Finally, a reissue of Boards Of Canada's seminal Hi Scores LP from 1996! Along with the likes of Aphex Twin, LFO and Squarepusher, Boards of Canada have helped to define how we see electronic music today, and Hi Scores is arguably their most complete when it comes to the dancefloor. The title track is a twisted, floaty bundle of breaks and beats, but it doesn't end there. Tracks like "Nlogax" are inherently Detroitian in nature thanks to the bleepy drum machines; all we can say is that if you haven't gripped this album yet, you shouldn't miss the opportunity to cop it now.
Comprised of two brothers who worked on their music in relative solitude, Woo is one of those cult offerings in the unclassifiable junction between all kinds of music that Emotional Rescue thrives on reissuing. There is a very sweet natured soul murmuring away at the core of this remastered LP, but never does it feel saccharine (thanks no doubt to the resoundingly lo-fi nature of the production). With its dreamlike repetitive mantras and more fleeting, fluttering elements, there is something quite beguiling and meditative about the sound of Woo, whether in their more tangible acoustic guitar moments or their most light and airy synth jams, but what comes through the most is the overwhelming romance of the music.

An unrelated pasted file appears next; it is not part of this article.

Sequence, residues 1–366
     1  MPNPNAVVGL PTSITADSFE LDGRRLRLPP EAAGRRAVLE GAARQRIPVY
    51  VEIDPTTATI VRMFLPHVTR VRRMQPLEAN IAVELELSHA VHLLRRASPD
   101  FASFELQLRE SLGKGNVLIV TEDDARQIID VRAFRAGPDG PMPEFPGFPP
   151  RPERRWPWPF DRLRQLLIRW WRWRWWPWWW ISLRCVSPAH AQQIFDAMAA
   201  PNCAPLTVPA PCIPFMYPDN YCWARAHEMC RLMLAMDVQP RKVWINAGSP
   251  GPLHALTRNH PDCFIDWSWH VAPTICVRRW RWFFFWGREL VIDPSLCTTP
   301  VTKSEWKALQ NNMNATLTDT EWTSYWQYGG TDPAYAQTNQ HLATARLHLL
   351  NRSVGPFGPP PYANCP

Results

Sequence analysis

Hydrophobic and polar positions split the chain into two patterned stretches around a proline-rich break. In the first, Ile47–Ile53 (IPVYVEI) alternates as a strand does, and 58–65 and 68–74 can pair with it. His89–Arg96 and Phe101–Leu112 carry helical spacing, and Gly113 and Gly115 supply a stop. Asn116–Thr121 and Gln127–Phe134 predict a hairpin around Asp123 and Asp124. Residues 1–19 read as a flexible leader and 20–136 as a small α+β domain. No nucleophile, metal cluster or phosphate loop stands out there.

Ambient-drone legend Fennesz has been a pioneer in the science of sound for many years, and London's Touch has been responsible for releasing arguably his best and most important work to date. For its latest release, Touch has reissued the inimitable Venice as a 10th anniversary edition, and the album still sounds as fresh today as it did 10 years ago. It's ambient, for sure, but of a certain variety and quality. Filled with organic sounds and field recordings, tracks like "Rivers Of Sand" have become the blueprint for much of the work made in the same genre today, tailor-made for fans of Oneohtrix Point Never and a lot of the output on Bill Kouligas' PAN label. Unmissable.
Girlhood is an acclaimed new French movie about a disillusioned young girl who joins a female gang in order to escape her dead end life. To add to the drama French electronic producer Para One has been drafted in to score the flick. It's a richly rewarding 10-track listen that fully complements the film's highs and lows: from the sweeping synth emotion of beatless opener "Neon" to the glass chime whimsy of closer "Girlhoood (reprise)", taking in the otherworldly synthpop of "Slow Down" along the way.
Paranoia Department return to the incorrigible Entropy label with furious anger for the third instalment of their Metaphysical Hinterland Akt series - the very best in stripped beats mechanical, sci-fi acoustics. The movement is structured yet fluid, where tracks like "Incorporeality" create a dense layer of sound amid all the FX trickery and hollow drums. Think Shed but with an extra dosage of eeriness to it! Tasty.